1) .Net Framework is platform specific as it is developed by Microsoft .
2) It does not work on Linux
3) For .Net Application to be able to work on Linux ,A third party Novell Inc. has developed mono. Mono is just like a .Net framework and is platform independent
4) Mono is an open source project and contains most of the class, type Libraries defined in .Net Framework it provides.
• A Common Language Runtime (CLR) that is compatible with the ECMA standard
• A C# compiler
• A set of class libraries
• Ancillary tools such as a disassembler, debugger, IDE, etc.
5) Mono has got its own web server called xsp, xsp is a lightweight web server and is written in c#
Installing Mono On Linux OS
1) Download mono rpm or installer according to Specifications of your OS from www.go-mono.com/downloads page.
2) I downloaded Something like this mono-188.8.131.52_2-installer.bin
3) Go to root bash prompt of Linux
4) Cd to directory of above installer
5) Type following commands
[email@example.com] # md5sum mono-184.108.40.206_2-installer.bin (Checking Installer)
[firstname.lastname@example.org] # chmod 777 mono-220.127.116.11_2-installer.bin (Changing user Access)
[email@example.com] # ./mono-18.104.22.168_2-installer.bin (Running Installer)
Installer wizard window gets opened . Follow the instructions and Mono get installed.
6) Now for starting xsp web server go to bash prompt and type following command considering mono is in mono (a file system folder) go to mono-22.214.171.124
[firstname.lastname@example.org] # mono mono-.17.1/usr/lib/xsp/2.0/xsp.exe
7) A Web server gets started on default 8080 port
8) Open the mozilla explorer and give following address http://localhost:8080/ window can be seen which contains all the .Net controls and examples
9) Now Deploy your application (xcopy) on Linux machine and start the xsp server in that folder.
And browse that page in explorer.
10) For Building .cs files Mono Provides a compiler For compiling .cs file go to bash prompt and cd to that directory and give following command reference of dll's can be given as follows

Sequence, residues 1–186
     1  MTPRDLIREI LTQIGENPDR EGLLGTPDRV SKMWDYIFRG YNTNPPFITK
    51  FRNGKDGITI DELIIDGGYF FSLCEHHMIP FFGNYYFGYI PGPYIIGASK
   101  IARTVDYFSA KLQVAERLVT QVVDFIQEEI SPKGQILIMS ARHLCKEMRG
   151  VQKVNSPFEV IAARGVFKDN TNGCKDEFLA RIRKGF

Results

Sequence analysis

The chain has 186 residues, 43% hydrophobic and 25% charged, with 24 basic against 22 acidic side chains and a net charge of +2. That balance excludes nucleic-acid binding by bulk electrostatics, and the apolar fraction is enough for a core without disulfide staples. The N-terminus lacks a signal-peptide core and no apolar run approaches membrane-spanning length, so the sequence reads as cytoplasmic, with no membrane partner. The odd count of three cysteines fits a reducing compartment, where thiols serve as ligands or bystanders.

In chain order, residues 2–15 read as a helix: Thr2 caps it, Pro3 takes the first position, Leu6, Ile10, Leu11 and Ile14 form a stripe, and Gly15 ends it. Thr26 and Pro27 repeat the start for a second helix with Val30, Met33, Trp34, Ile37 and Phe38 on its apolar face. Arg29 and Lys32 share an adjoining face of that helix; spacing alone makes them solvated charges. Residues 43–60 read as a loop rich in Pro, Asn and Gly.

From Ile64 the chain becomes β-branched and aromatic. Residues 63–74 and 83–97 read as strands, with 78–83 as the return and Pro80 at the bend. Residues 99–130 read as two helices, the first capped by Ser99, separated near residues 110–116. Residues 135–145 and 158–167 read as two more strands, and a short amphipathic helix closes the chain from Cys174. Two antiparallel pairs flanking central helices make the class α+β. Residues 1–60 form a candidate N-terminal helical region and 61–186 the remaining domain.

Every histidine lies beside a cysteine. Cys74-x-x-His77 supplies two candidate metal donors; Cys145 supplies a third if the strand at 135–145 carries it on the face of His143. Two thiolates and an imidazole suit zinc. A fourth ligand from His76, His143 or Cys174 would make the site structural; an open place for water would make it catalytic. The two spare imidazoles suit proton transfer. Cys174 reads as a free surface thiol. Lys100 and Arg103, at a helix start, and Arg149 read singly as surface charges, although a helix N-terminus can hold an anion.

[email@example.com] # mcm TestPage.cs –r:System.Data.dll out:TestPage.exe
Following command will run the exe.
[firstname.lastname@example.org] # mono TestPage.exe
11) If Your application contains DAL's ,compile it with mcm and give the reference of mcm compiled dll's.
Oracle 10 g on Linux
1) Install Oracle 10 g on Linux according to instructions on following site..
2) Set environment variables.
3) Check the connection by sqlplus.
4) Start the listener by lsnrctl start command.
JBoss On Linux
1) Copy JBoss On Linux machine. I copied it at /opt/usr/share/oss
2) And Jdk1.4 for Linux at /usr/java/jdk1.4
3) Go to the following path
Open the file server.xml and change the port 8080 to 8088
4) Start the JBoss apache server by command sh run.sh. edit sh run.sh to set JAVA_HOME
5) Export parameters on my Linux machine were
6) Open http://localhost:8088/ u will see JBOSS window
7)As two web servers are now running on two different ports any Redirection between the .aspx and .JSP pages is possible
Some Important Commands on Linux
If you are new to Linux then following some commands will help you out.
/bin - essential UNIX commands such as ls, etc. Should contain all binaries needed to boot the system or run it in single-user mode
/boot - files used during booting and possibly the kernel itself are stored here
/dev - contains device files for various devices on system
/etc - files used by subsystems such as networking, NFS, and mail. Includes tables of disks to mount, processes to run on startup, etc.
/etc/profile.d - contains scripts that are run by /etc/profile upon login.